Remembering back to 2011 and the Labour Party Manifesto, there is one particularly interesting paragraph on page 60 outlining the party’s position on access to third level education. It reads, “Labour abolished third-level fees in 1995 and we are opposed to their re-introduction. We refuse to go back to the days when only the relatively wealthy could count on going to third level, or when a family could only afford to send one of their children to college”.
Does it not seem strange that against the backdrop of these election pledges, the cost of attending college or university will increase considerably under the guidance of Labour’s Minister for Education, Ruari Quinn? By 2015 the “student contribution charge”, essentially fees in all but name, will have risen to €3000 as outlined in Budget 2013. This will represent an increase of €1000 in student charges under the tenure of Minister Quinn. However this was not the only blow to third level students in budget 2013
The one-off payment, Cost of Education Allowance, valued at €300 for those receiving Back to Education Allowance has been scrapped. Previously this was a valuable resource for recipients in covering the costs associated with third level such as books. Maintenance grant rates remain unchanged as of Budget 2013. However changes to the income threshold level upon which eligibility for a grant is considered, have been reduced by 3%. According to USI this will equate to a reduction in maintenance grant rates for approximately 6,400 students. Against the bleak backdrop of continuous austerity, such measures have and will continue to have a detrimental effect on access to third level education.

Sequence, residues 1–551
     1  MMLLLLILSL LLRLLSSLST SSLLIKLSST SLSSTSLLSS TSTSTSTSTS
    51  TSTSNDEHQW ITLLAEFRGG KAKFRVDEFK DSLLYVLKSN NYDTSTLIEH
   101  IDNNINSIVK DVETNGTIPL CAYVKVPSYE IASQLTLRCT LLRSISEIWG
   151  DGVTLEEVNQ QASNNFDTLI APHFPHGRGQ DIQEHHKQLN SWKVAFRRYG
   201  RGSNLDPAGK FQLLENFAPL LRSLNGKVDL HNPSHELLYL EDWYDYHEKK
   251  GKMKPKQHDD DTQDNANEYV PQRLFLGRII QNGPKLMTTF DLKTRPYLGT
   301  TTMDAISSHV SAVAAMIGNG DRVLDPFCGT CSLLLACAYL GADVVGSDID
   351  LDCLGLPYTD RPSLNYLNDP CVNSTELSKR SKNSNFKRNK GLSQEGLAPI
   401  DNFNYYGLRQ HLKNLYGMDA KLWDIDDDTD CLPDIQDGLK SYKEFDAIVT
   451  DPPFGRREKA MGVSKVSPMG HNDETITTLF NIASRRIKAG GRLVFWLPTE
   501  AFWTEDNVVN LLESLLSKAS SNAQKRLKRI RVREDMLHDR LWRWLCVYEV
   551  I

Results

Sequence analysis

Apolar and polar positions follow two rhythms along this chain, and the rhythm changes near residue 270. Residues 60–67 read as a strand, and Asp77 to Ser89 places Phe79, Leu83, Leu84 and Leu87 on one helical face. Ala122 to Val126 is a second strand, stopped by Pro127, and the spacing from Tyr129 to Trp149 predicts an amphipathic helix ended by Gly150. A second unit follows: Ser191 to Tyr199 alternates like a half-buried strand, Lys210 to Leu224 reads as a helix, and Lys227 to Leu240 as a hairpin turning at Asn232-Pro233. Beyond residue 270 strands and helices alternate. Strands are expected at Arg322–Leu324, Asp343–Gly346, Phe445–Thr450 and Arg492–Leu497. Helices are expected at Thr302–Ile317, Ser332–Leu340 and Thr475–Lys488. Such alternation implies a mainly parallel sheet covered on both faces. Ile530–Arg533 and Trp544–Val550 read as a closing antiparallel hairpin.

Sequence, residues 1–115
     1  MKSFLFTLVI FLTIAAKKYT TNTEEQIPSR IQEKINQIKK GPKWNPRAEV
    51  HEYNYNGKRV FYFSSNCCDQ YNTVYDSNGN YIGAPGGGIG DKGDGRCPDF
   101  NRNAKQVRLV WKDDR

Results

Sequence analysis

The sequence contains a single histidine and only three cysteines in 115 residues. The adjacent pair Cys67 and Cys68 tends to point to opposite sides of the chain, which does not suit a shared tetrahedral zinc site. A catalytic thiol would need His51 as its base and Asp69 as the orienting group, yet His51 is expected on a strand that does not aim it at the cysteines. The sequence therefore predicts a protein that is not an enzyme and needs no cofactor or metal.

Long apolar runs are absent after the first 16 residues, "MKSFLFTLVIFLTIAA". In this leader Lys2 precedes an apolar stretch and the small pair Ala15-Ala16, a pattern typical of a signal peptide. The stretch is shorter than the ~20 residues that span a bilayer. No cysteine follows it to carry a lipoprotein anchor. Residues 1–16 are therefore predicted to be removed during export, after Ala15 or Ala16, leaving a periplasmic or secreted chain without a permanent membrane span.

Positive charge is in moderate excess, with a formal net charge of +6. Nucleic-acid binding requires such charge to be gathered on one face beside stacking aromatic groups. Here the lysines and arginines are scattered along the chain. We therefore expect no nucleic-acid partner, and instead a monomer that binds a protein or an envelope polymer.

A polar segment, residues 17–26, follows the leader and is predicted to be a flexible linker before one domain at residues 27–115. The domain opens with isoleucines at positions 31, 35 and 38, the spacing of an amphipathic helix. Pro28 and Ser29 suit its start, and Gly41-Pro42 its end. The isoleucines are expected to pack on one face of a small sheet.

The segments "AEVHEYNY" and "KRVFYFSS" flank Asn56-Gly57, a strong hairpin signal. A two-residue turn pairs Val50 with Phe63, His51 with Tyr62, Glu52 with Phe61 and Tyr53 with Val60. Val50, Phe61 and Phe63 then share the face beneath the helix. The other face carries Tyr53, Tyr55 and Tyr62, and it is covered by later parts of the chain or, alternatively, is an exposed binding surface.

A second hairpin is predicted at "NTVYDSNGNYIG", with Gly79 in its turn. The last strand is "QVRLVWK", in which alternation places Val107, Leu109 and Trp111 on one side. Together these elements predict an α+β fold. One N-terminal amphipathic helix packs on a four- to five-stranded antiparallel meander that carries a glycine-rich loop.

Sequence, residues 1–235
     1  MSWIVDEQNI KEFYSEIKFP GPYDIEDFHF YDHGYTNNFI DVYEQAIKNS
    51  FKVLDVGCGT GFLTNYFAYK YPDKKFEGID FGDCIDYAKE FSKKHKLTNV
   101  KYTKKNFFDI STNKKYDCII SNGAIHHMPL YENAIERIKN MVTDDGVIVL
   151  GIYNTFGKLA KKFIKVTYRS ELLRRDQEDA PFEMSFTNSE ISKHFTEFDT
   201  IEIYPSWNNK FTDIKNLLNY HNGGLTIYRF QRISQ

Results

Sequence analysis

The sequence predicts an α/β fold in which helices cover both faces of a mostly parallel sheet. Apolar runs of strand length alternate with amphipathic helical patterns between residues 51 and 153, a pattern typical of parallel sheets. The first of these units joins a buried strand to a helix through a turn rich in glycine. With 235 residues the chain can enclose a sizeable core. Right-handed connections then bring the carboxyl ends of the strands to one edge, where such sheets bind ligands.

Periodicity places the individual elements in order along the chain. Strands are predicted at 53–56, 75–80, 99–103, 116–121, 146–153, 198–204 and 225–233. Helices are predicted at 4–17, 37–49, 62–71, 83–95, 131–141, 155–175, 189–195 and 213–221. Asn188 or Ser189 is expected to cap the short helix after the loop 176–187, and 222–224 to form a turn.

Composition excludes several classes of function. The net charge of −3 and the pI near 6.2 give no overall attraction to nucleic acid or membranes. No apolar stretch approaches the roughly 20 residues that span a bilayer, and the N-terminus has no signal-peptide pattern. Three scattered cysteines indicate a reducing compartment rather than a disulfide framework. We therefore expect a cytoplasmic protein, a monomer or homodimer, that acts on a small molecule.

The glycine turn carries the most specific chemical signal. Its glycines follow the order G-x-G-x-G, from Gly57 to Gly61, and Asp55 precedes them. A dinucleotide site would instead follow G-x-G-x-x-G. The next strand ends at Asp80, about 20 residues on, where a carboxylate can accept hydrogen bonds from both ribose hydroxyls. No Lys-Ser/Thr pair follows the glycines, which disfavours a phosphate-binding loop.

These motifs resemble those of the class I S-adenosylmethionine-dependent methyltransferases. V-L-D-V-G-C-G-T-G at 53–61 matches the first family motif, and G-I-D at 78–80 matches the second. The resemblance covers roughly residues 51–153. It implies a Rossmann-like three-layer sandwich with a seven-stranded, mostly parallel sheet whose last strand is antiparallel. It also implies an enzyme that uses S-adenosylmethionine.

If we consider Labour’s position as outlined in their manifesto, it is clear the opposite is actually true. Labour are re-introducing fees through stealth and in coming years, many parents of third level students will be burdened with increasing property taxes and water charges. Given these circumstances and the uncertain financial situation facing many families, it is clear that only the relatively wealthy will be able to count on going to third level.
These measures have stripped Labour of any credibility in government and indeed a sense that they possess any real left wing credentials. Their policies constitute a serious betrayal of the electorate who voted for them. Their vote-winning rhetoric has been replaced with the cold hearted austerity policies of a Fine Gael/Labour coalition driven by the Troika. As a result, students of Ireland are just one more segment of society being asked to pay for the failed speculation of bankers and property developers. The Labour party should be ashamed of themselves.